Fashion for Good
Fashion for Good* is a Dutch initiative to bring together the entire fashion ecosystem through an innovation platform and as a convenor for change. The Fashion for Good South Asia Program was lanched here in Sri Lanka during the Academy of Design & Colombo Innovation Tower - Innovation Day. Ambassador Gonggrijp was there and here is what she had to say on the importance of Fashion for Good and how we can brand Sri Lanka as the sustainable choice in the region.
Ladies and gentlemen, distinguished guests,
I have a confession to make. I have worked very hard for 4 years to try to make the Dutch fashion and garment industry more sustainable. The confession is not that I did not yet succeed. As you know this is a huge challenge which is far from being in my hands alone. The confession is that I still have clothes in my wardrobe of which I do not have any information on how they were manufactured. And I still buy clothes that I do not really need.
You might want to know why? Or maybe you feel a sense of relief; I am not the only one….
‘You are what you wear’ is an interesting saying in this respect. Yes I am what I wear, I like blue, I like bright colors, I am extravert and enthusiastic. May be a bit classic. I would like to be more progressive, more fashionable, but I am just not the first one to try something different. So yes, I am what I wear.
But also NO. No I am not numb and insensitive to the issue of who made my clothes, under which circumstances and its impact on the environment. As a person, I seek justice and equality and I am not afraid to take a stand when it comes to these topics. I cried quietly when I walked through the slums of Dhaka where most of the garment workers live. And I am deeply concerned about the environment and the impact of climate change on the livelihoods of people and biodiversity. And as a professional I chose to spend all my working hours and much more to try to make a difference and contribute to reaching the Sustainable Development Goals.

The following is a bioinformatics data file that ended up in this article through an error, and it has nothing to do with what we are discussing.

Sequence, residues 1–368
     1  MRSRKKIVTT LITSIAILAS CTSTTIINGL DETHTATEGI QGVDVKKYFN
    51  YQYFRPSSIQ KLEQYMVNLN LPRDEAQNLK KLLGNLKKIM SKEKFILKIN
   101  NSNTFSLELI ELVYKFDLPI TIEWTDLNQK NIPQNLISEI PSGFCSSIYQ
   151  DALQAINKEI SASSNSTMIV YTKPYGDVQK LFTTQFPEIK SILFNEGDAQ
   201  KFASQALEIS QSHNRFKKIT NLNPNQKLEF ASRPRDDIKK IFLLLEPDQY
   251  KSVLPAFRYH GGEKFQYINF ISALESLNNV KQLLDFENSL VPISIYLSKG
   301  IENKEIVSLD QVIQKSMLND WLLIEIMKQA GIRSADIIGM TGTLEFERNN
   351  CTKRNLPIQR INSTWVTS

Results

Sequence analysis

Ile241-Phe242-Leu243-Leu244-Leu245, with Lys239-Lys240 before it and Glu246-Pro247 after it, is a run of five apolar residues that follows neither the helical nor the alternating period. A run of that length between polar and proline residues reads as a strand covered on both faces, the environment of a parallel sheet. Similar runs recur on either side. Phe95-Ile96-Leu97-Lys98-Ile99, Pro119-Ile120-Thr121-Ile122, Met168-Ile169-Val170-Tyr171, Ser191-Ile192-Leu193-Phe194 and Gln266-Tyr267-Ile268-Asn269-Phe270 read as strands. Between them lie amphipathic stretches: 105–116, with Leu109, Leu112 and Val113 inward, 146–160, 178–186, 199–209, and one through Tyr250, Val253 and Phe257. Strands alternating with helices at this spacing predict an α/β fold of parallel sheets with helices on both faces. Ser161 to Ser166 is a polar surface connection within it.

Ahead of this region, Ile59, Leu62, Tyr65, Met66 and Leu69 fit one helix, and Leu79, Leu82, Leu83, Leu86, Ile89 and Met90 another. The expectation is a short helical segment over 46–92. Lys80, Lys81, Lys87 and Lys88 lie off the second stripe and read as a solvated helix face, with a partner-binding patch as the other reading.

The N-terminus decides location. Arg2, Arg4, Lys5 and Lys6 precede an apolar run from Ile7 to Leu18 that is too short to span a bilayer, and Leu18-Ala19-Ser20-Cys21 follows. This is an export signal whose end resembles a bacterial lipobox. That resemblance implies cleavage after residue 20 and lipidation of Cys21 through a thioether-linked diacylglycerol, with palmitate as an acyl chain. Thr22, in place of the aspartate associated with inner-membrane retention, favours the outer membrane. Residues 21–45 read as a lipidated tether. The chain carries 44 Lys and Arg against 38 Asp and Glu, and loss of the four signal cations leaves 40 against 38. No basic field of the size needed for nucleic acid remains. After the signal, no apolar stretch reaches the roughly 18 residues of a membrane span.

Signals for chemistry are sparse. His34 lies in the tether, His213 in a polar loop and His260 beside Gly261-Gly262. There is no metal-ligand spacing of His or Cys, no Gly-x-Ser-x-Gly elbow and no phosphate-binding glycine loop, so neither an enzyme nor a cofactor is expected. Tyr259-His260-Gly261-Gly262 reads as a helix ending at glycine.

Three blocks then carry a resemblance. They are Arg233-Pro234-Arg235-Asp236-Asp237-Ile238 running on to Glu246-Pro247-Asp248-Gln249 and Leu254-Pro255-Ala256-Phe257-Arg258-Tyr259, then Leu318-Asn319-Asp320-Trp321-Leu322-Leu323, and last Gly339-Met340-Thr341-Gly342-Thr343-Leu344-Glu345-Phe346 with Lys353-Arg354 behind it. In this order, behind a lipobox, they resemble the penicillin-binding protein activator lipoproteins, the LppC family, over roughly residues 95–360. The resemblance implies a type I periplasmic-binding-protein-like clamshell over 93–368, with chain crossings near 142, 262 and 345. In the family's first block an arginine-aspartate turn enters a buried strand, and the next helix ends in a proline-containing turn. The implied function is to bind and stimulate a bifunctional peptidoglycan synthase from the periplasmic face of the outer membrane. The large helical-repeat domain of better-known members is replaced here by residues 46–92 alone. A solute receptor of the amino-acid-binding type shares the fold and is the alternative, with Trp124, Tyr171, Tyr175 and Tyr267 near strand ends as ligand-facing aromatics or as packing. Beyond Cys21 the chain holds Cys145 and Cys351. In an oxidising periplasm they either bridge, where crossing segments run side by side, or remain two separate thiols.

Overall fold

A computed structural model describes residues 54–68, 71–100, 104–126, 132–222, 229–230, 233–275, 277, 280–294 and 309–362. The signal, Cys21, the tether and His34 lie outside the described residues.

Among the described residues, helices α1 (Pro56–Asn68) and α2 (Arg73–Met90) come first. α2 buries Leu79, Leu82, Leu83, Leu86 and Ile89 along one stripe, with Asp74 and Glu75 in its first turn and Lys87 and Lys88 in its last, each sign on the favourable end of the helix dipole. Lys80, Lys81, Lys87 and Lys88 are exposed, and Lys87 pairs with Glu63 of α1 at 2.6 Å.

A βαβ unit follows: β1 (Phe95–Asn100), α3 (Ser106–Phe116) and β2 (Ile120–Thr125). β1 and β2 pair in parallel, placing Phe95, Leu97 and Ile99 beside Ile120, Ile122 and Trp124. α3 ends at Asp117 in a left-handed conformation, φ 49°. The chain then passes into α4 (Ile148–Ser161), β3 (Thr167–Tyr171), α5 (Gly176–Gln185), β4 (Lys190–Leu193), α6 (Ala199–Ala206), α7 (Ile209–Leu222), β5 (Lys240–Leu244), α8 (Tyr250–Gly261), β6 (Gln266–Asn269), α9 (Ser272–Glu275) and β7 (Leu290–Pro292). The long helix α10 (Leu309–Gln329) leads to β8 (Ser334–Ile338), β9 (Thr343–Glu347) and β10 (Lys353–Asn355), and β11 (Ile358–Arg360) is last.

But as an individual I feel small. I am just one of the so many people who have to make the right choices in order to make things better. Sometimes it is vanity: the dress is perfect, why should I ask the shopkeeper how it is made or google while standing in the small fitting room? And if the shopkeeper and internet do not give me the answers I am looking for, what will I do? Will I not buy this perfect dress to impress? So just this once, I will not ask… Next time I will do so.
And even though I often do make conscious choices when it comes to travelling, food and clothes, I just want to send I clear message: do not expect the consumer to be the driver of change. As research in the Netherlands showed: the civilian finds sustainability very important, the consumer less so. And these are the same persons. So that’s a relief, I turn out to be a normal human being.
But who is then the driver of change, who is the force for good? Let me be clear, there are many forces, but two important ones are here: the educational institutions and companies. I always tell people, if you are looking for change and a more sustainable world, do not look at the government to take the lead. I can say that, because I represent my government. We might take the lead as a country, but the companies together with universities and other educational institutions are the ones that will pioneer, that will invent and innovate. And very importantly, that will educate and shape the future generations.